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DNA as an architect for atomically precise silver nanoclusters
Add to Calendar 2024-02-22T19:30:00 2024-02-22T20:30:00 UTC DNA as an architect for atomically precise silver nanoclusters 301A Chemistry Building
Start DateThu, Feb 22, 2024
2:30 PM
to
End DateThu, Feb 22, 2024
3:30 PM
Presented By
Stacy Copp - University of California, Irvine
Event Series: Chemistry Department Physical Seminar Series Spring 2024
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Stacy Copp

 

Stacy Copp - University of California, Irvine

Host:  Lauren Zarzar (865-1316)

 

"DNA as an architect for atomically precise silver nanoclusters"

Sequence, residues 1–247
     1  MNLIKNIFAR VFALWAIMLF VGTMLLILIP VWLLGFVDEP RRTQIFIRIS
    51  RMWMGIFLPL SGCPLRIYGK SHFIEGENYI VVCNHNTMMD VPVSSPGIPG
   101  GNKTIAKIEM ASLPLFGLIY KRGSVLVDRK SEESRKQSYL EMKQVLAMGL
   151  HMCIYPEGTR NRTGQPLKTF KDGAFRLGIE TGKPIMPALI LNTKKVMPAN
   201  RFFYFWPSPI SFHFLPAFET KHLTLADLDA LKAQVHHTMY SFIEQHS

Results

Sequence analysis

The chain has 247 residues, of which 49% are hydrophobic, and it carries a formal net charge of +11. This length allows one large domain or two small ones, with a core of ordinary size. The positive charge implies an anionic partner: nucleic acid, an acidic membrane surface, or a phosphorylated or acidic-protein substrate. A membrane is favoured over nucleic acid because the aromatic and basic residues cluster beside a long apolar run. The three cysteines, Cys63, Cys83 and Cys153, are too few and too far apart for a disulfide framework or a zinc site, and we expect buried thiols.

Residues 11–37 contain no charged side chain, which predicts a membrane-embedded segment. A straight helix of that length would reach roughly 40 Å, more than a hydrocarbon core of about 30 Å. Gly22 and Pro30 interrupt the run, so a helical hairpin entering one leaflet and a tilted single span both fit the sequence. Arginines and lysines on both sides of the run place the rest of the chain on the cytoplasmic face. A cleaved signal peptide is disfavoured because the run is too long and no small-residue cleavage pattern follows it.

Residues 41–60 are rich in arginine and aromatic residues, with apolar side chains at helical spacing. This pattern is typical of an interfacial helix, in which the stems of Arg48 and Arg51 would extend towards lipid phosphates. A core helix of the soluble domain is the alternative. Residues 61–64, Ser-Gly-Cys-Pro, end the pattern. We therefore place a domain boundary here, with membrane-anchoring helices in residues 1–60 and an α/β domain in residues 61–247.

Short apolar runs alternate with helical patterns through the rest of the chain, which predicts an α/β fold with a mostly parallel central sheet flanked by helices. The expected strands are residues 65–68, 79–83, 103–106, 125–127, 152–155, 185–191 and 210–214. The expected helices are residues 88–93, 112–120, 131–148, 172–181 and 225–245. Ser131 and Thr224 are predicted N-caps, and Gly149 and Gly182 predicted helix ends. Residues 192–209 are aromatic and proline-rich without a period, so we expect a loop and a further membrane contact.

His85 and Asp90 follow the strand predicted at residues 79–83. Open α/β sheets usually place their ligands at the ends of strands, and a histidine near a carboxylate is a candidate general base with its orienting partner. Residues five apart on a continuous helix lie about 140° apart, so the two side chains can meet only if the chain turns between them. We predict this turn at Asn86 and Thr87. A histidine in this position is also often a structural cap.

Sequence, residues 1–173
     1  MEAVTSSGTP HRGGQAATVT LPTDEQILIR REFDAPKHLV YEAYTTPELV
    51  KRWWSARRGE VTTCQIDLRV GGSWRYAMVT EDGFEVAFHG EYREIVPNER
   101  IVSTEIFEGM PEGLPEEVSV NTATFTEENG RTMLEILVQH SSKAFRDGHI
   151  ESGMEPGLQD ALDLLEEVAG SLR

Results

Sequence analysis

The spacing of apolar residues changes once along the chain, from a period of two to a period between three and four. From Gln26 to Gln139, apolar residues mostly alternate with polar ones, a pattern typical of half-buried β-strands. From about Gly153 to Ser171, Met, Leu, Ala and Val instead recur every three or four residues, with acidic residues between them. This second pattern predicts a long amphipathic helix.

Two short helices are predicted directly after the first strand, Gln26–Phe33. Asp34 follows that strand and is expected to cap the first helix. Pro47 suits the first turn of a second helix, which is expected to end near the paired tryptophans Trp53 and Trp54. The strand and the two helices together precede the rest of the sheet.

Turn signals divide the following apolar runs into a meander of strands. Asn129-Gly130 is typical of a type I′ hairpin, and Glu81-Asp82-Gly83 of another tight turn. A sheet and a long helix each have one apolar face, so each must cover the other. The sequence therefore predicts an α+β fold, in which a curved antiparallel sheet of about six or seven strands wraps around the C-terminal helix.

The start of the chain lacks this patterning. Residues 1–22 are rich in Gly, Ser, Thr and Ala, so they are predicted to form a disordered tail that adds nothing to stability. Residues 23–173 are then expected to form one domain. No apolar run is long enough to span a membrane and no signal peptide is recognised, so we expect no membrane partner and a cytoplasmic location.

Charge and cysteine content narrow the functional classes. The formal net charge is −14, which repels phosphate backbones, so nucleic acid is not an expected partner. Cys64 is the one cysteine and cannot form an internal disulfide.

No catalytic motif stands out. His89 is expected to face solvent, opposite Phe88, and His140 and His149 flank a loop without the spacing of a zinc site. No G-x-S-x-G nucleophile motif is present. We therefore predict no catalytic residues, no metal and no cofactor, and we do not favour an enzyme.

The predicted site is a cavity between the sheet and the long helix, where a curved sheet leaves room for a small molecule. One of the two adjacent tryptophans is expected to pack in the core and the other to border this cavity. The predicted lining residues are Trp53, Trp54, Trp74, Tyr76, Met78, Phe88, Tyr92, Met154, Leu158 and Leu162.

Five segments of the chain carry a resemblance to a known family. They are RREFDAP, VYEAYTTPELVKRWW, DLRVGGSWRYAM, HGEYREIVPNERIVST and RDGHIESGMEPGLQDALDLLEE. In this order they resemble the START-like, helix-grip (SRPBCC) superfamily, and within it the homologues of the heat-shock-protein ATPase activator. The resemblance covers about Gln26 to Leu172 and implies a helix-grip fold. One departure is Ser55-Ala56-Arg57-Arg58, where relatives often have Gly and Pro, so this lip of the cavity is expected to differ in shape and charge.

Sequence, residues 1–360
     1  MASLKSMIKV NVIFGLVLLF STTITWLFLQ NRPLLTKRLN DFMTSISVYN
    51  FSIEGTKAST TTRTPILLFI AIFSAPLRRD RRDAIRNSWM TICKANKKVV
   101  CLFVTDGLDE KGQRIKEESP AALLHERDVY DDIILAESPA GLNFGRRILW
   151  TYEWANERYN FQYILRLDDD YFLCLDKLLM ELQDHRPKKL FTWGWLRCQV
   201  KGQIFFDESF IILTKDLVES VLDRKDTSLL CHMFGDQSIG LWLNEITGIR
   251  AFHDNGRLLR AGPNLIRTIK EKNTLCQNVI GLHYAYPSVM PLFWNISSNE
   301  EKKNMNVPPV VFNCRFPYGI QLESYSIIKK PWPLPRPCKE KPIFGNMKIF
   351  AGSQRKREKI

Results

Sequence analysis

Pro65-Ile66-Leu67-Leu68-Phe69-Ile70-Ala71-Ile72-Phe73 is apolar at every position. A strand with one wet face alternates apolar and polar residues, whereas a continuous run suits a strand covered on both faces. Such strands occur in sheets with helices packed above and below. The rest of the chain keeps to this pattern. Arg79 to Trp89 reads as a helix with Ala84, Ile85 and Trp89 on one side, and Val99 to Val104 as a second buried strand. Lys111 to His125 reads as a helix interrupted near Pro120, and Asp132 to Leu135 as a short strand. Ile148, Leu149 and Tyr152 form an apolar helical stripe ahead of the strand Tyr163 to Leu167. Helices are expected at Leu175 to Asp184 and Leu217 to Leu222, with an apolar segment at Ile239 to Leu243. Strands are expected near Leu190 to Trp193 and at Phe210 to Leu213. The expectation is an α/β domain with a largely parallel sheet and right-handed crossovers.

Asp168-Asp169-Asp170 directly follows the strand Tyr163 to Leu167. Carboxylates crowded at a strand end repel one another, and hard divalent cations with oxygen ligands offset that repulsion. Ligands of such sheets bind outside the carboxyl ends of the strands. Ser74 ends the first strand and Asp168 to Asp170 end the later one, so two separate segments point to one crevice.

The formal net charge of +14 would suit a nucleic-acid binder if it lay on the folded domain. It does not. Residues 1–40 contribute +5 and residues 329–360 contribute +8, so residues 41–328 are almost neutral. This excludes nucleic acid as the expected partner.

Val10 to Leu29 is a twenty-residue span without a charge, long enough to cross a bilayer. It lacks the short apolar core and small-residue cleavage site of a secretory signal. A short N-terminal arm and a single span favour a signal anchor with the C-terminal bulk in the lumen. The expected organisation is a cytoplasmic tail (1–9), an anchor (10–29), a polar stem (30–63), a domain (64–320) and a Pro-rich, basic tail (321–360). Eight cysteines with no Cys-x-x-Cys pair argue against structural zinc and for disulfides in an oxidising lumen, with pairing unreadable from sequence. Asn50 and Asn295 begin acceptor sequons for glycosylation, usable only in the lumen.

Abstract: DNA is a programmable building block for sequence-encoded nanomaterials whose structure-property relationships are governed by Nature’s base pairing rules. By exploiting metal-nucleic acid chemistry, we can significantly expand the “sequence-structure-property” relationships of DNA-based nanomaterials beyond the rules that Nature provides. This talk focuses on one such promising direction: atomically precise and programmable DNA-templated metal nanoclusters with bright fluorescence and promise for addressing challenges in biophotonics. DNA oligomers can template atomically precise silver nanoclusters (Ag-DNAs) that come in a diversity of bright, sequence-selected fluorescence colors. While Ag-DNAs hold promise for bioimaging and biosensing, their structure-property relationships have remained elusive. By combining high-throughput experiments and machine learning models with analytical studies of single nanocluster species, we show how nucleobase sequence selects the structures and colors of Ag-DNAs. This approach enables the design of new DNA template sequences for Ag-DNAs that emit light in the near-infrared tissue transparency window, a key area of need for bioimaging. Finally, I will discuss how we are using native mass spectrometry and circular dichroism spectroscopy to advance understanding of Ag-DNA ligand chemistry. Our discovery of a new class of Ag-DNAs with halide ligands has recently enabled the first electronic structure calculations for Ag-DNAs and presents new opportunities to expand these emitters for biophotonics applications.